If the agreement is for a term of years, it almost always will include a termination for “Cause” provision, which will allow the employer to terminate the executive’s employment immediately if he or she engages in certain acts or omissions against the employer’s interest, e 🤓g 🤓 Conviction of a felony. Executives will desire the Cause definition to be reasonable narrow, not excessively broad or vague. Executives may request notice about the cause and the opportunity to correct the behavior to avoid termination for conduct that isn’t egregious. Executive’s often ask to include a “Good Reason” provision, which will allow the executive to terminate his or her employment immediately and receive severance or salary continuation, e.g. If the employer fails to fulfill its material obligations. An advance notice period may be required by employers to terminate employment without cause before terms expire. You must notify the employer within 90 days or you will be subject to a payment obligation for severance and salary continuation.
Different types of Compensation. Different types of compensation. Compensation includes base salary and performance bonuses, sign bonus, an annual bonus, a signing bonus, incentive grants, equity grants, incentives grants, benefits (e.g. car allowance), relocation aid, reimbursement for legal fees, as well as the cost of an executive’s contract negotiation. For publicly-traded employers with limited shares remaining in the share reserve of their equity incentive plan, the employer may consider making an “inducement” grant of equity outside of the shareholder-approved plan. As long as certain procedures are adhered to, inducement grants for equity do not need shareholder approval according to applicable NYSE/NASDAQ listing rules. They could also help keep the share reserve in the equity incentive program. Obie Horner modified the above text on July 1, 2020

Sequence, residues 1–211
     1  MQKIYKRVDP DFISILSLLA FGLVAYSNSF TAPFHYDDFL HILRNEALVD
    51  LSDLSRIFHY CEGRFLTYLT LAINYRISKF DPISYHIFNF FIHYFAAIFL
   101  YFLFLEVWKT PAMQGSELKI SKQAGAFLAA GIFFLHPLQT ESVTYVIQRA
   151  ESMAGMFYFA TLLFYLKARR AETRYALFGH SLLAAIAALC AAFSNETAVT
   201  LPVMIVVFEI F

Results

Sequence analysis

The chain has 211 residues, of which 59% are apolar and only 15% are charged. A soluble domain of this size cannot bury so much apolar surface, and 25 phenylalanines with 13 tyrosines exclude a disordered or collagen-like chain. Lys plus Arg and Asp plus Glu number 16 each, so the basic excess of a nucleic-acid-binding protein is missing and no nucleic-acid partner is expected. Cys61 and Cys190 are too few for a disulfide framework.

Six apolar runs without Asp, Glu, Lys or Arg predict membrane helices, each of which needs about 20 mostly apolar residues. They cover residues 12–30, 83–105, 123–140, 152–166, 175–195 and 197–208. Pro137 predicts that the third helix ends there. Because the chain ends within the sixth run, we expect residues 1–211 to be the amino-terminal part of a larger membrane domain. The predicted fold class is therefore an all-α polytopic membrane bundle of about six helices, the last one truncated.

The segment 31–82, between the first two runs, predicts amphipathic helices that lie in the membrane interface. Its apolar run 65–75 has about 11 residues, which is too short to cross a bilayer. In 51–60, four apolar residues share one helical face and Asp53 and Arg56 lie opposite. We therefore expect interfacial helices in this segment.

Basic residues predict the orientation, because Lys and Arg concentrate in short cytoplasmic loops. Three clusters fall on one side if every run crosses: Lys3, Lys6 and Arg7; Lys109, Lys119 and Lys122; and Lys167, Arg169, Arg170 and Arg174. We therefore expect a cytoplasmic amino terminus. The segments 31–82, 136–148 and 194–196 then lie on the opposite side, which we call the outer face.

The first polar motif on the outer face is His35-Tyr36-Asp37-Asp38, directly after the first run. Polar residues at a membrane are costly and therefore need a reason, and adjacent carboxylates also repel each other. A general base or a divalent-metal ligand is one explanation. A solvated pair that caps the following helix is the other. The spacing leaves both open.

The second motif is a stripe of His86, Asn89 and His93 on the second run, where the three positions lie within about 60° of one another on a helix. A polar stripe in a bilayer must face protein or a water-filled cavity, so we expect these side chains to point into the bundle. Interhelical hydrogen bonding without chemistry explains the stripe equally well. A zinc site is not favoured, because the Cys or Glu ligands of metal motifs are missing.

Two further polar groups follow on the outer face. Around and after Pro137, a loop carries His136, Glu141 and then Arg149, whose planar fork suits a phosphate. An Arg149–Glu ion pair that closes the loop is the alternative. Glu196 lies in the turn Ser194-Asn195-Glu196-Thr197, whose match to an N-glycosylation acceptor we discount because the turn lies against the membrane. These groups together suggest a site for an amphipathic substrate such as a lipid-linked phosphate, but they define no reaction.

Most disputes concerning executive employment contracts concern the payment of salary or bonuses, or the vesting of equity after the employment relationship ends whether by termination or resignation for “good reason”. This is why it’s important for executive employment contracts to clearly define the terms of the salary, bonuses and vesting of equity if the employment relationship ends. These clauses can be a source of expensive litigation. It is recommended that the employer and the executive consult with an employment lawyer prior to agreeing to an executive employee contract. A few thousand dollars to review and assist in negotiating an executive employment contract costs a lot less than the millions of dollars most executives contemplate obtaining following termination or resignation for “good reason”.
Based on an article new from monkhouselaw.com, many companies incorporate annual incentives and bonuses into executives’ compensation plans. Short-term bonuses are often paid out at the end of the year and are contingent on the executive’s success in their role. There are many industries and markets where bonuses can be varied in their amount. They can be paid out as a fixed amount, or based on a pre-determined percentage of the executive’s base salary or a pre-determined percentage of the company’s profits. Bonuses can also be tiered, with a “target” level bonus being awarded when the executive performs well and a “stretch” bonus is awarded when the executive performs extraordinarily.